Today was a legendary day, it was the day I got my first real taste of local and fresh produce.
I finished my 2nd ballet class and I was supposed to have contemporary class but recently I've had a strange lump on my foot that hurts whenever I do much continuous movement; so I decided not to do the class. Now, I've been dying to go to one of my local farmers markets but every time I end up with somewhere else to be. So here I was with lots of extra time and I thought: "I should hit a farmers market!" so I googled my local farmers markets hoping there was one open on Wednesdays and turns out there was! So I went to an ATM, pulled out $20 (this turned out to be very difficult and embarrassing as it was my first time using one of those things and the guy kept having to help me :-/ I'm glad none of you saw me!) and hopped on the bus that took me to the Market. Turned out it didn't open till 3 so I read my book (Real Food, you should read it its really informing and interesting) in the park it was situated at, which just so happens to be filled with drug addicts and homeless people; people were looking at me a bit strange but you know. Finally it opened though and I started making my way along the aisle looking at all the fresh produce. Everything from cabbage and beets to blueberries and currants. In the end after much contemplation (keep in mind I only had $20 with me) I ended buying some local peaches, apricots, sweet raspberries, and pink currants. I'd read in my book that industrial peaches were incomparable to local ecologically grown peaches so I figured I'd put her words of advice to the test. Under usual circumstances I find peaches (supposedly ripe ones) not all that tastefull or sweet. Well. My friends. That was the absolute juiciest, sweetest, tastiest peach I have ever had in my ENTIRE life! I just HAD to blog about it. It just so happens that I had already eaten a peach today (an industrial one) that was pretty good and enhanced my view on peaches but thinking back, that peach was not nearly as good as the local one i got from the farmer's market. It was primarily the juiciness that was so different although the flavor was also much sweeter and better all around.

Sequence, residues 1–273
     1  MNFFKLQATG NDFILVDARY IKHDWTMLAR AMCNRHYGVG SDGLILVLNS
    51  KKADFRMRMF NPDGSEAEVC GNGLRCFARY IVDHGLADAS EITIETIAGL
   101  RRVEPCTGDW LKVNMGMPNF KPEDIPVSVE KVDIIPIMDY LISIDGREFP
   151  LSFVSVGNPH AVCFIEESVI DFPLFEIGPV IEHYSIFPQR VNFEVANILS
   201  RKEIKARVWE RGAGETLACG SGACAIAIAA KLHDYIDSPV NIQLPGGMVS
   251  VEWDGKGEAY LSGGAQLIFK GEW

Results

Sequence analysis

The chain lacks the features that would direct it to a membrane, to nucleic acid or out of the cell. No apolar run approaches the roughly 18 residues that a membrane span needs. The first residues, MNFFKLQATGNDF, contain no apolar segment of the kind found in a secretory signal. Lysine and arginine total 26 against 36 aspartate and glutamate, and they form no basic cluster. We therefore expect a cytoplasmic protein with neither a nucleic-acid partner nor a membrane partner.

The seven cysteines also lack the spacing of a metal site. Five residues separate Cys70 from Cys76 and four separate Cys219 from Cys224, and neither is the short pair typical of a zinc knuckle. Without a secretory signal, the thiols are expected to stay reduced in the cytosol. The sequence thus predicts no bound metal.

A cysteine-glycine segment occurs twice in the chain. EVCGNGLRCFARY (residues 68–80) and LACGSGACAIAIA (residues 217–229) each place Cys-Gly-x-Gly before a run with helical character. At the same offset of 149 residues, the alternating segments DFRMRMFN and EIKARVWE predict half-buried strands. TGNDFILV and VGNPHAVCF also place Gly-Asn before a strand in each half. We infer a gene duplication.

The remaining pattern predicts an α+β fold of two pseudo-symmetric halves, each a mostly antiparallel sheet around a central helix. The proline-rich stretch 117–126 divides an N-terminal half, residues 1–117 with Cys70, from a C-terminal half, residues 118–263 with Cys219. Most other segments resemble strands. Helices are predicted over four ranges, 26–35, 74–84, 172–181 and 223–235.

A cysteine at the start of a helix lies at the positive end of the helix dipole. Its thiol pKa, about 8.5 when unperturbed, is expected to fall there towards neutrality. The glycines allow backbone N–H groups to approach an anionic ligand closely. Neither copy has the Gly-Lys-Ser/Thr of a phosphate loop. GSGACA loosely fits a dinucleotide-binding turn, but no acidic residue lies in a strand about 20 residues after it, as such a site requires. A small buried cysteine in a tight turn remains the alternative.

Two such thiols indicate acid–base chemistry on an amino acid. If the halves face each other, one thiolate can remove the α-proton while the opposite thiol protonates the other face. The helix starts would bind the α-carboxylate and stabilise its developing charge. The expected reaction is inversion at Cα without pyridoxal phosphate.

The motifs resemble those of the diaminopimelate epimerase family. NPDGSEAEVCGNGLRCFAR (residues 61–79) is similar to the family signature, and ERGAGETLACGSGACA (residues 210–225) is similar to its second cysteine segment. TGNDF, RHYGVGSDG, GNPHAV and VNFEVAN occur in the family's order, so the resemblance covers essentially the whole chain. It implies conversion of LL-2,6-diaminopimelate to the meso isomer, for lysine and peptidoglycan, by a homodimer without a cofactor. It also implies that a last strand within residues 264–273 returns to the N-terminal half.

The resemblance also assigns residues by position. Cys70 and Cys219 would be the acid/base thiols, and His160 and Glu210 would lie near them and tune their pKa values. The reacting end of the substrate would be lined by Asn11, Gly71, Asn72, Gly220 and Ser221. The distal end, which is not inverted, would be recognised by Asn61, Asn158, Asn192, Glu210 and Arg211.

The difference between industrial and local, fresh produce is that industrial produce is not picked ripe because it would never survive the journey to it's far away market. This downgrades the taste and texture as well as the nutritional content. In fact most of industrial produce is picked green and ripened artificially. For example, tomatoes are picked hard and green and the ripened with ethylene gas. This is why industrial produce does not develop the same complex taste and luscious texture. Whereas fresh and locally grown fruits and vegetables are picked during their prime state of ripeness allowing their flavors and other traits to fully develop to create the ideal, most vitamin rich fruit or vegetable the plant can give us.
There is also the difference in soil and breeds of plants and how it is grown that makes industrial produce inferior also in terms of nutritional content. Fresh and mostly organic produce is grown on healthy, nutrient rich, fertile soil which gives the fruit more vitamins and antioxidants (who wouldve thought?!); whereas industrial crops are grown on sterile soil and sprayed with pesticides which are not only poisonous, but damage the antioxidants and vitamins in the crops.
This is all why I've decided to try eating more fresh and local crops. I learned most of this from that book I mentioned before: Real Food by Nina Planck. I really do recommend you read it because it is actually pretty interesting despite my presumptions. Anyways, make sure you hit your local farmer's market sometime soon, I promise you won't regret it!
bye for now :)